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Finding Old Computers! (from my experiences)

CompuNurd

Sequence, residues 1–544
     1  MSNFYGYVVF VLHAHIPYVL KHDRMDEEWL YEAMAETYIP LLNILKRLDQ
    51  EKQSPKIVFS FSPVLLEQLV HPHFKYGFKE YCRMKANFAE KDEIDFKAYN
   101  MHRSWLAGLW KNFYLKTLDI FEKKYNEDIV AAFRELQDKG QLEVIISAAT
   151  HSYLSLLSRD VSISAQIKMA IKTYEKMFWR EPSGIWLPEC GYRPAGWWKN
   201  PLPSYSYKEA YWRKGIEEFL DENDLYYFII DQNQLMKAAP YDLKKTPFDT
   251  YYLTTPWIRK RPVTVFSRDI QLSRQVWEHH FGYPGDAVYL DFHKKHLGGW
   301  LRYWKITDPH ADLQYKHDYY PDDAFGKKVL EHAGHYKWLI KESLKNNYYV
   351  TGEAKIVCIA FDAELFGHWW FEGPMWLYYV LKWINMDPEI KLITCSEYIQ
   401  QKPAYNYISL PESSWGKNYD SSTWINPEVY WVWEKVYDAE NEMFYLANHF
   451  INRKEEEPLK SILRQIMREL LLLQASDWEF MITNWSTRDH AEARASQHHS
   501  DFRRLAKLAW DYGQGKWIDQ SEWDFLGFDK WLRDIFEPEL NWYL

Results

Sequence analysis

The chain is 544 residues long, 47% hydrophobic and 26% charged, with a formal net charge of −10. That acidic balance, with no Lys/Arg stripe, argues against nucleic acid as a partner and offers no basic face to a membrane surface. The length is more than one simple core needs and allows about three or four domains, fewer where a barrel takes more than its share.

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Almost every novice or new collector will ask where to get old computers. The first answer they usually get is to look on eBay. Sure, eBay can be a good place to find the more common systems, but when you want to buy in quantity without the competition that is eBay, where do you look? Many people will say that thrift shops or garage sales are good places to start, but I have yet to find anything older than 1995. Goodwill has only turned up an iMac that looked like it was thrown off a building into a busy street, and a boxed, yet questionable, TI home computer. My community run thrift store hasn't a single computer, and my local independent thrift store is full of big talkers, saying they get systems all the time, yet somehow have nothing when I call back three weeks later. One day I was going to a distant thrift store, when I came upon a sign that read, "We repair and recycle computers". I thought they may have an old Mac Plus or Apple II, nothing out of the ordinary. When I go inside and talk to the guy about purchasing vintage systems, he shows me an entire warehouse full of the stuff! It's like an automotive salvage yard, but with computers! There is everything from an Apple IIc and Commodore 64, all the way up to the G4 and G5 iMacs. There are plenty of compact Macs, and since they do repair, there are a lot of newer systems that they salvage parts from. The warehouse is a bit bigger than a hotel suite, but there is quite a bit of stuff shoved in corners and on shelves, so I had to climb over old stuff to get to old stuff. Many of these places check eBay, and the owner wasn't too happy when he found out someone sold me some stuff for as cheap as I got it. I've found these computer repair/recycling places are great for finding old computers, and I have found another computer repair place in my area that frequently liquidates a large amount of items, old and new. A lot of websites dedicated to older systems (like this one) usually have a classifieds section where people sell their stuff, as well as in the comments section on the info page of said systems. Don't be afraid to call universities, companies, thrift stores, or computer repair/recycling facilities in your area searching for old computers! If your city has a city-wide electronics recycling event, contact who you can to see if they are willing to sell any old systems they get. Make brief flyers saying you are interested in old systems and hand them out to thrift stores, flea markets, community garage sales, computer repair/recycling facilities, and public bulletin boards. If you can, post an ad in the classifieds section of your newspaper saying you are interested in old computers. If a thrift store doesn't take old computers, they may give your contact to someone that is trying to get rid of them.